In the Spring and Autumn and Warring States periods, there are records of swordsmen vying their skills with “canes” (杖 zhang). In the famous fable about Yuenu and Yuangong’s fencing match, where the two contested their skills with bamboo canes, we are given a faithful portraiture of everyday fencing practice in ancient China. In this way, “cane” became a by-word for sword in ancient discourse. Likewise, the fencing match between Cao Pei, Emperor Wen of the Wei Kingdom, and General Deng Zhan, in the Three Kingdoms period, which made use of surrogate canes, is among the best known and most talked about historical anecdotes. After the Song and Yuan Dynasties, the use of bamboo and wooden canes in military training and fencing contests abounds in historical records, and Yan Yuan’s and Li Mutian’s fencing method, which had been referred to by Mao Zedong, also made use of “a bamboo cane as a replacement for dao”. In sum, in order to minimize bodily injury and increase its value as a sport, and as a result of strict laws against the wearing of arms, which prohibited civilians from carrying or engaging in matches with real weapons, not only was the use of bamboo and wooden canes required for fencing activities in the private domain, they were also used for military training, as clearly recorded in Qi Jiguang’s Truthful Records of Military Training (練兵實紀 Lianbin Shiji).

Jijian is a heritage of China’s sports culture that best conveys its humanist spirit. Indeed, in both the Orient and the West, through diverse forms and guises, the sport of fencing is seen to represent the quintessential qualities of traditional sports, symbolizing courage, dignity, and moral integrity. For this reason, people from both sides of the world have devoted efforts to transform ancient fencing into modern sports.

The attempt in the West has met with great success. The threefold structure of modern fencing, comprised of foil, espée, and saber, is among the earliest events to be included in the Olympic Games. Today, it is practised throughout the world and has a large following. For over half a century, through the channel of the former Soviet Union, fencing gradually developed and expanded in China, with a steady rise in the level of skills, and in time gave rise to some outstanding athletes such as Luan Jujie.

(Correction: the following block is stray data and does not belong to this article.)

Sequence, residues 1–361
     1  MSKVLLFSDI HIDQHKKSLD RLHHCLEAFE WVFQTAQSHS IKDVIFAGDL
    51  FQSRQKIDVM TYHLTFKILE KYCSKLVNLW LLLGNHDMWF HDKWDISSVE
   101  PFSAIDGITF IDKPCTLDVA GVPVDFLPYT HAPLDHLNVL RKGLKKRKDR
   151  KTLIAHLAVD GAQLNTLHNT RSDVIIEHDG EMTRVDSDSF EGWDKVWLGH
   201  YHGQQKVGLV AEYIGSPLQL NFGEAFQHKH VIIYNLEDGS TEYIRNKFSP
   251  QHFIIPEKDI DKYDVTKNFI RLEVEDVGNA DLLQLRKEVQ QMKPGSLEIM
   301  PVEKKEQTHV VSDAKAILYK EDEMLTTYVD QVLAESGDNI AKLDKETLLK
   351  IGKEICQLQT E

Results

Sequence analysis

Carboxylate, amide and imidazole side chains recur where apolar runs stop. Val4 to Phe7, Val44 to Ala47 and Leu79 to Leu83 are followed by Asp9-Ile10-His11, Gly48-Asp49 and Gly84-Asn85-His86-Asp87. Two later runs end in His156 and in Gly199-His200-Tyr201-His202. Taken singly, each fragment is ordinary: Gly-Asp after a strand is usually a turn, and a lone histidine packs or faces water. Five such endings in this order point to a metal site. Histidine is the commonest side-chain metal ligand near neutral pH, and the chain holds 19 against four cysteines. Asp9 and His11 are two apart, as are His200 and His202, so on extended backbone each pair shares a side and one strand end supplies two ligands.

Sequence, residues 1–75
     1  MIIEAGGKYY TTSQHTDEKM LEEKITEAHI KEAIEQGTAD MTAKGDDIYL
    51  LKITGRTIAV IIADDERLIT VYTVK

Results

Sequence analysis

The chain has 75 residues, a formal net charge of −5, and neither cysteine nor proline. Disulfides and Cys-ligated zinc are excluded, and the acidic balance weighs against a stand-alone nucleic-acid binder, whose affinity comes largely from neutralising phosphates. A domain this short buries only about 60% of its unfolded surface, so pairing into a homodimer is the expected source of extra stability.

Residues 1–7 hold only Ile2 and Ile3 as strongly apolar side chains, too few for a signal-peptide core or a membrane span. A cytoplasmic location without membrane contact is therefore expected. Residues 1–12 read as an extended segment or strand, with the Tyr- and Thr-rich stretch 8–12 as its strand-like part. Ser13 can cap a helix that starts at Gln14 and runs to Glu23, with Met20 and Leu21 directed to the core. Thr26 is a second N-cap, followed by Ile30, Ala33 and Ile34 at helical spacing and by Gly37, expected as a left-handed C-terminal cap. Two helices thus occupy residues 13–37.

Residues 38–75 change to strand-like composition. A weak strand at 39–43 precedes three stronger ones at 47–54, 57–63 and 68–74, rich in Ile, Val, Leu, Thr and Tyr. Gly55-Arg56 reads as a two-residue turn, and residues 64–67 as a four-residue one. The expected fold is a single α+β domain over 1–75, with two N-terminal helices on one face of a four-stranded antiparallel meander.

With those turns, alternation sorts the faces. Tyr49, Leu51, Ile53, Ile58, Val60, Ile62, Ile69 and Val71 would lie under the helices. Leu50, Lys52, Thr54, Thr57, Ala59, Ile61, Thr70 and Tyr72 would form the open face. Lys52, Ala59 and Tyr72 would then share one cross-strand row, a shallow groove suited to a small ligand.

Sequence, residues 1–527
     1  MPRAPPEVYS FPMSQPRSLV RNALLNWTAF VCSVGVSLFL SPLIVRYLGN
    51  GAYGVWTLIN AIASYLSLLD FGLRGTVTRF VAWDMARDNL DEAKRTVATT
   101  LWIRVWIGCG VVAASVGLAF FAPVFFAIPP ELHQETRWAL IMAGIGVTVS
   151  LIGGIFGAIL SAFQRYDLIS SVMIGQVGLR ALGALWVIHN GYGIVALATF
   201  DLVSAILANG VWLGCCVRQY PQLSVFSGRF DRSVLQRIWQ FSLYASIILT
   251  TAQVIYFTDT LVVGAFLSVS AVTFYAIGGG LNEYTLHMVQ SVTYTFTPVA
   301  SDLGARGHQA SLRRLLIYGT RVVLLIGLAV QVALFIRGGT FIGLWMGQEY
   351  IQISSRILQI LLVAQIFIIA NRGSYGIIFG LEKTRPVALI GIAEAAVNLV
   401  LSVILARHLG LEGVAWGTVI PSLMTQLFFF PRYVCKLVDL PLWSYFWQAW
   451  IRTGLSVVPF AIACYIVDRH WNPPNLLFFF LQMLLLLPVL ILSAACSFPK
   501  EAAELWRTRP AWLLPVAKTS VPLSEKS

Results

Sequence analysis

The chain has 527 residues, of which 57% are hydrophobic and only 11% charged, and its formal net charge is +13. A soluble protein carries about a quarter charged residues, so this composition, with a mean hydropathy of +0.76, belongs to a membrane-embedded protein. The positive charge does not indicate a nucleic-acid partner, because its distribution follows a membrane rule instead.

Japan has also successfully transformed its indigenous style of fencing into a modern sport. As is widely known, kendo is a cultural heritage much treasured by the Japanese people. Today, it is a popular sport with a well organized schooling system and has been designated a “national art” (國技 guoji) in Japan. Kendo is looked upon as an important tool for nurturing the national spirit, and many kendo dojos have been established in primary and secondary schools throughout Japan, where it is taught as a mandatory course. In addition, kendo instructors are frequently highly respected figures in academic institutions, on account of their moral strength and personal integrity. Today, kendo has developed into a global sport with many international organizations and competitions.

Starting from an early date, kendo transmitted and was known in China; by the Ming Dynasty at the latest Japanese swordsmanship skills and manuals had diffused to China, which were greatly valued by Chinese martial artists. Further, towards the end of the Qing Dynasty, during the popular wave to study in Japan, a large number of Chinese students received instruction in kendo, while some Japanese coaches also taught kendo in China, which exerted a significant influence on fencing developments in my country. Indeed, the creation of duanbing in China was to a certain extent inspired and catalyzed by Japan’s kendo.